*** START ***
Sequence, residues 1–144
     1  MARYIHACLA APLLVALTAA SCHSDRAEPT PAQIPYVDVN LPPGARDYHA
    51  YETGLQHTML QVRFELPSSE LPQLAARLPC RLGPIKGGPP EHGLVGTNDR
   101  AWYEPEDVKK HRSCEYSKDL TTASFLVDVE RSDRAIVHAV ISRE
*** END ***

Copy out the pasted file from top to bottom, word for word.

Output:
Sequence, residues 1–144
     1  MARYIHACLA APLLVALTAA SCHSDRAEPT PAQIPYVDVN LPPGARDYHA
    51  YETGLQHTML QVRFELPSSE LPQLAARLPC RLGPIKGGPP EHGLVGTNDR
   101  AWYEPEDVKK HRSCEYSKDL TTASFLVDVE RSDRAIVHAV ISRE